dan.doel at gmail.com
Fri Aug 9 17:31:32 CEST 2013
Here's another smart-ass remark, then: use lens and bifunctors. They
have great abstractions for these.
mapEither and mapPair are just two specializations of bimap. It also
has first and second which generalize mapFst, etc. And by the way,
everyone here (I think) has missed that you can also traverse these
things, but bifunctors also has that covered, with bitraverse.
The individual parts are applications of lenses, too. over _1 and over
_2 are mapFst and mapSnd. _1 and _2 function as traverseFst and
traverseSnd. For Either, there are prisms, _Left and _Right. over
_Left is mapLeft, over _Right is mapRight. has _Left is isLeft, has
_Right is isRight (apparently `is` was deemed too good to take; but
there's also isn't _Left). leftToMaybe is preview _Left. rightToMaybe
is preview _Right. _Left is traverseLeft. Etc. (fromLeft/Right is the
only one I can't cover well, but my knowledge of lens isn't
encyclopedic; the best I can come up with off the top of my head is
foldrOf _Left const).
I'm not really opposed to adding all these specialized functions to
data type modules. But you have to add a lot (far more than is even
called for here) to get all the functionality that you _already_ have
from a few general abstractions. And the latter translates to many
On Fri, Aug 9, 2013 at 2:52 AM, Andreas Abel <andreas.abel at ifi.lmu.de> wrote:
> It happens again and again on this list: Someone request an innocent
> function on tuples or Either and after some initial discussion someone else
> writes "it is in Control.Arrow". No offense intended, but to me "just use
> Control.Arrow.xxx" is a smart-ass comment in the line of "this is just a lax
> monoidal functor" I hear from category-theorists all the time.
> Arrows are on a level of abstraction that many Haskell programmers
> (including me) do not make use of and should *not* be forced to study just
> because they need an innocent function about tuples (or Either).
> I bet that most imports of Control.Arrow are to make up for an impoverished
> Data.Tuple, and proper arrow programming is the exception.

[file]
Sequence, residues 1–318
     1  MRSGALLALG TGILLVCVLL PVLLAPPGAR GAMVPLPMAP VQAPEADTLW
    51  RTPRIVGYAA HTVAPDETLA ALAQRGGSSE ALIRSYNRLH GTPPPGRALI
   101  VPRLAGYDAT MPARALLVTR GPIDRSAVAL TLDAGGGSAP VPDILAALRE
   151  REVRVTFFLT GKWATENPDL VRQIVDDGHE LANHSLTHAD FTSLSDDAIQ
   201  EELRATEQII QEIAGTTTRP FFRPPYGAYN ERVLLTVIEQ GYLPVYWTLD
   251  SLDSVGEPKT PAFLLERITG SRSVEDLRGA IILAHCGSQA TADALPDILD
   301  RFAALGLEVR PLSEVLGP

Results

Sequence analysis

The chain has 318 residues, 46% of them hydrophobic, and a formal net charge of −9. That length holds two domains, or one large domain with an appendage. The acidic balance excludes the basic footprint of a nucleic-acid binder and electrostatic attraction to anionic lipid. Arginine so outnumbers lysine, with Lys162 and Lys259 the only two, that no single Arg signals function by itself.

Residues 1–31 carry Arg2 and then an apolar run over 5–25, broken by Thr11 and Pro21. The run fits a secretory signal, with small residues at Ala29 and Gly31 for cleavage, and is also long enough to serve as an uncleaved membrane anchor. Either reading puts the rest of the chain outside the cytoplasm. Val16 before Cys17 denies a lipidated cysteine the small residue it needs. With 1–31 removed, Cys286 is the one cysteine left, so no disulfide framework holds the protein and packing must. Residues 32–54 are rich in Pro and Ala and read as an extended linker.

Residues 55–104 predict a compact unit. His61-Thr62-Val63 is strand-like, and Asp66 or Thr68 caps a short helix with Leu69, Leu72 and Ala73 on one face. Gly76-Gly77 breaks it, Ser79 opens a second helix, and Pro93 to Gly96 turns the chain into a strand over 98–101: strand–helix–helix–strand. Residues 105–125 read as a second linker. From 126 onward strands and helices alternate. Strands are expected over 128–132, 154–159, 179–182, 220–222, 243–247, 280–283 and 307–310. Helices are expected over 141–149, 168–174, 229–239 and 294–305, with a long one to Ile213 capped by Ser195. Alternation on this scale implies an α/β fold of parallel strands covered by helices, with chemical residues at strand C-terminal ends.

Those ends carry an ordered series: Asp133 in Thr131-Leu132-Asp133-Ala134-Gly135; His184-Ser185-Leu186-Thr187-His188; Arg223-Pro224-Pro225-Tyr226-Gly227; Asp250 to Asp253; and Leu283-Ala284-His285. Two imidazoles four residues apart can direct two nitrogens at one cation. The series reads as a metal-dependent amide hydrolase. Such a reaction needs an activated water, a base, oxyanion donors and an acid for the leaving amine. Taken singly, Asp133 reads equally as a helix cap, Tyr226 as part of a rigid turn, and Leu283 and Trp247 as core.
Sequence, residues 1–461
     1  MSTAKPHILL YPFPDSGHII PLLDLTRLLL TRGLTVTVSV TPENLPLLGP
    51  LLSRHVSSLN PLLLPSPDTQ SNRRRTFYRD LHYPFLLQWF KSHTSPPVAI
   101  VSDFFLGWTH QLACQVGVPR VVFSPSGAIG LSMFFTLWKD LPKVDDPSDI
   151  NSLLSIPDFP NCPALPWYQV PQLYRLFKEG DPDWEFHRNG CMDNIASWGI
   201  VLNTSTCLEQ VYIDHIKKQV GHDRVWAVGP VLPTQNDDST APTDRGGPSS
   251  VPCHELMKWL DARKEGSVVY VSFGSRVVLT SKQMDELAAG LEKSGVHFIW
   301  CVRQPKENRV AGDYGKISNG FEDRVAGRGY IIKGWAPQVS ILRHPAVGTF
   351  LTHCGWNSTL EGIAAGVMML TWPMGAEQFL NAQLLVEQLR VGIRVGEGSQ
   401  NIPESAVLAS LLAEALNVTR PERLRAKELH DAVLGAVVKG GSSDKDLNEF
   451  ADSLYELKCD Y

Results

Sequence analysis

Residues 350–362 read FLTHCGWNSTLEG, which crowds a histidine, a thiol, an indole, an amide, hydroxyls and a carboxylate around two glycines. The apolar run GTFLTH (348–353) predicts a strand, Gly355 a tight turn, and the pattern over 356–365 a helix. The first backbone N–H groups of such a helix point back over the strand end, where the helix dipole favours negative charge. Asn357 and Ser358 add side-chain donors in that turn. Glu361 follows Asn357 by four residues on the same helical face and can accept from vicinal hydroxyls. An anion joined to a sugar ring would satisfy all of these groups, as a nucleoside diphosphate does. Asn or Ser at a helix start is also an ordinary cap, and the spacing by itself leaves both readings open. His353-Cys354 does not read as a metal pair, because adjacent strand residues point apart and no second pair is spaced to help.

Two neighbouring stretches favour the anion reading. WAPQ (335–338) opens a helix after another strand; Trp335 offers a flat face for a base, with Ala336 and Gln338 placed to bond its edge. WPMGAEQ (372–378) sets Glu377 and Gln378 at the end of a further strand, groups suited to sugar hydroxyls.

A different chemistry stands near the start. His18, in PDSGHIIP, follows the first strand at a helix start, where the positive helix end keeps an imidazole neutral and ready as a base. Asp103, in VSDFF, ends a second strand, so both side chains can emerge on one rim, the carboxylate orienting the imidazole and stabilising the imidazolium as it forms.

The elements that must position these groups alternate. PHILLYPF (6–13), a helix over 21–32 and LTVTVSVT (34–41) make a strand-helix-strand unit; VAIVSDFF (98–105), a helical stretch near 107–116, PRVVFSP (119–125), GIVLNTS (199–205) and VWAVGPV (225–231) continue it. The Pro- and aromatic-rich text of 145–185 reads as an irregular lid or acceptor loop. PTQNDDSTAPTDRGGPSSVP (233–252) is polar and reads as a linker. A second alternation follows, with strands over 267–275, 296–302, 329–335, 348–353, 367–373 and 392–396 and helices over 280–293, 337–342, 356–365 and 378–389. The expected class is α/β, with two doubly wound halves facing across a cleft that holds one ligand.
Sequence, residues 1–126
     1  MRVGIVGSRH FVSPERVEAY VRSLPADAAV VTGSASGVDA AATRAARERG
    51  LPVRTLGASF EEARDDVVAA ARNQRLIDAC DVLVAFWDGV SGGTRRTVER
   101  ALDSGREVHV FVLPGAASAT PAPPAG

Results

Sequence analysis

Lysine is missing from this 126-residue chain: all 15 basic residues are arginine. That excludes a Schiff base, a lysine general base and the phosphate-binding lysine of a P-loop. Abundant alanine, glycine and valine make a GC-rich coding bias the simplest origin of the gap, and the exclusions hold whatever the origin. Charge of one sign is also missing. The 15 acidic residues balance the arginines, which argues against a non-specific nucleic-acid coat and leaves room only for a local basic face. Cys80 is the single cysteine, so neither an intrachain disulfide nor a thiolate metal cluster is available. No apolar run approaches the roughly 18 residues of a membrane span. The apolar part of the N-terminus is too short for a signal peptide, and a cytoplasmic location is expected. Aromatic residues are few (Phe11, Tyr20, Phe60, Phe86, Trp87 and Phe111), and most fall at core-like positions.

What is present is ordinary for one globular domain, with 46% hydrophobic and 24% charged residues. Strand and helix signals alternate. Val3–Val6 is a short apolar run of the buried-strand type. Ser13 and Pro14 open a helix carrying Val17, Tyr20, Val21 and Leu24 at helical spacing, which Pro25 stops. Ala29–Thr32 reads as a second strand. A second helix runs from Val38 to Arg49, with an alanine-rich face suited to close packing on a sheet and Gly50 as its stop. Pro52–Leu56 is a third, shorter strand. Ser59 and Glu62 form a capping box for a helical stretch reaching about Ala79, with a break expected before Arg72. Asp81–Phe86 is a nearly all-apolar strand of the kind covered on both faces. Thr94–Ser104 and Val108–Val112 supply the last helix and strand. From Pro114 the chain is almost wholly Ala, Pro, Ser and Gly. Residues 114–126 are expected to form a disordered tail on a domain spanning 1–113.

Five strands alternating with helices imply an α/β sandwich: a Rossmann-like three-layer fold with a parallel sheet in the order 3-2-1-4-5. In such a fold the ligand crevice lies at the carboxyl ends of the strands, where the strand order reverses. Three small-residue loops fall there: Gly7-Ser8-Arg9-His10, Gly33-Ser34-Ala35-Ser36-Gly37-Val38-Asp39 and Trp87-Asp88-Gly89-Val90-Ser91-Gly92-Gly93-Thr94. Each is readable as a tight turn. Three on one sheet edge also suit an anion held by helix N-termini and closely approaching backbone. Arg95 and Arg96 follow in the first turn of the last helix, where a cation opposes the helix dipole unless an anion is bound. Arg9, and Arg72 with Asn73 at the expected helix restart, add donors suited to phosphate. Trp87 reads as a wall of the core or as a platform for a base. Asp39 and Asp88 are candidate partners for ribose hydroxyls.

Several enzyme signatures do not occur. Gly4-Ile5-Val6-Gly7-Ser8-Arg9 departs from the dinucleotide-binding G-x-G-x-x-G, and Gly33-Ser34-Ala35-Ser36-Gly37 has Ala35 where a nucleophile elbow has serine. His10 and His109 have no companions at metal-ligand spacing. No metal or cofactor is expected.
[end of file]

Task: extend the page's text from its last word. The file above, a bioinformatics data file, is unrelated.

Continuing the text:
> Thus, I agree with Henning and David and many more that there is something
> wrong here. mapEither, mapPair, mapFst, mapSnd and the like should be added
> to Data.Tuple and Data.Either, at the risk of duplicating stuff from
> Control.Arrow. Otherwise, programmers will just roll their own version of
> these function again (which is duplication that comes at a cost) and
> additionally be alienated at the design of the Haskell libraries.
> On 08.08.13 4:26 PM, Henning Thielemann wrote:
>> On Thu, 8 Aug 2013, Erik Hesselink wrote:
>>> On Thu, Aug 8, 2013 at 1:09 PM, Henning Thielemann
>>> <lemming at henning-thielemann.de> wrote:
>>>> On Thu, 8 Aug 2013, David Luposchainsky wrote:
>>>>> On 2013-08-07 19:13, Erik Hesselink wrote:
>>>>>>> mapEither :: (l -> l') -> (r -> r') -> Either l r -> Either l' r'
>>>>>>> mapEither fl fr = either (Left . fl) (Right . fr)
>>>>>> This function is hidden in Control.Arrow as (+++).
>>>>> I didn't know about those functions, and it seems everything I
>>>>> wanted is
>>>>> in there somewhere. However, I'm not sure what to think of
>>>>> Control.Arrow, I've always (ab)used it as an extended Data.Tuple,
>>>>> and as
>>>>> of today probably for its Either API functions.
>>>> For me using the arrow functions as Data.Tuple and Data.Either utility
>>>> functions is abuse. Control.Arrow is meant to generalize (->). If you
>>>> maybeLeft and MaybeRight this is certainly not your intention.
>>> But the point of generalized functions is to use them in a specialized
>>> context, right?
>> I think the primary goal is to use them to write generic functions.
>>> You can generalize mapEither in multiple ways: you can generalize
>>> (->), or you can generalize Either (getting bimap from the bifunctors
>>> package). I don't get why it's wrong to specialize the Arrow to (->)
>>> and use the functions on Eithers or tuples.
>> Why should someone care about Arrows if he only wants to process Either?
>>> I do agree that they're hard to find.
>> For me this is a hint that there is something wrong.
>> If I want to have a function mapEither and do not find it in
>> Data.Either, I might have the idea that it is subsumed by a more general
>> function somewhere else. In this case I would certainly think about a
>> generalization of Either, but not of (->).
> Andreas Abel <>< Du bist der geliebte Mensch.
> Theoretical Computer Science, University of Munich
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